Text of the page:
WASHINGTON (Gray DC) -- Nearly 50 years after Americans first touched the moon's surface America is aiming for the lunar surface again.
"I think we've got the support right now of the administration, we've got the support of congress," says NASA's acting administrator, Robert Lightfoot.
Last year, President Trump directed NASA to return to the moon. University of Notre Dame professor Clive Neal says the new mission reopens a door that was shut more than 45 years ago. "We start with the moon, we don't abandon the moon, we leverage the moon to enable us to go to Mars and beyond," says Neal.
Neal traveled to Washington, speaking Wednesday about how the moon could become home to a permanent base, serving as an interplanetary pit stop as humans travel deeper into space. "If we can create rocket fuel from the volatile resources we know are present on the moon, then they just orbit around the moon and they refuel from a lunar orbiting depot," says Neal.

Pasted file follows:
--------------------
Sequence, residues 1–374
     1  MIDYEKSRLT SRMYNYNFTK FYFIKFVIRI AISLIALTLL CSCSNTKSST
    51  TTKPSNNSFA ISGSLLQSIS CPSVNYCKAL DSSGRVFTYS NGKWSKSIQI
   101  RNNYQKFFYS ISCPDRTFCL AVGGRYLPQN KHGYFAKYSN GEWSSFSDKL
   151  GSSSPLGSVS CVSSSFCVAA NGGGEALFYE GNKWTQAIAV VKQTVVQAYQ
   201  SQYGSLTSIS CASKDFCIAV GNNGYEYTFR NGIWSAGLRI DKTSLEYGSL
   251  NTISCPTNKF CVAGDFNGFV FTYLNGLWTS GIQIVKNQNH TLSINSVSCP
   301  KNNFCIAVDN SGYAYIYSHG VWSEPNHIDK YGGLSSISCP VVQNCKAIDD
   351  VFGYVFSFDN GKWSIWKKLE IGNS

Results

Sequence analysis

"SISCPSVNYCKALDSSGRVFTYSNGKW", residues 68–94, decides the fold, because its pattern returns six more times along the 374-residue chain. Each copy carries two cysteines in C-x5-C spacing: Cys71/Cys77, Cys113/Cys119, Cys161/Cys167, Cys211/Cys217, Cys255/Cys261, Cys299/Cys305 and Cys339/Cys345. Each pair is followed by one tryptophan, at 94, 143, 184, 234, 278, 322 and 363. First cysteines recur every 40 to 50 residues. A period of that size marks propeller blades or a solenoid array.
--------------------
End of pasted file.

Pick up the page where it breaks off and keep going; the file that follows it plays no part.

Lightfoot said returning to the moon will be a team effort, with the government partners with private companies. Neal says unlike the Apollo missions, taxpayers shouldn't be expected to foot the entire bill for stepping on the moon again. "The wealth that's being created can be used to partner with government rather than rely on government," says Neal.
Neal's biggest concern isn't astrophysics, but politics. Congress left for a two-week recess without confirming Trump's NASA administrator pick, Oklahoma Congressman Jim Bridenstine. It's unclear how long congress will take to determine if he'll have long term control of the mission.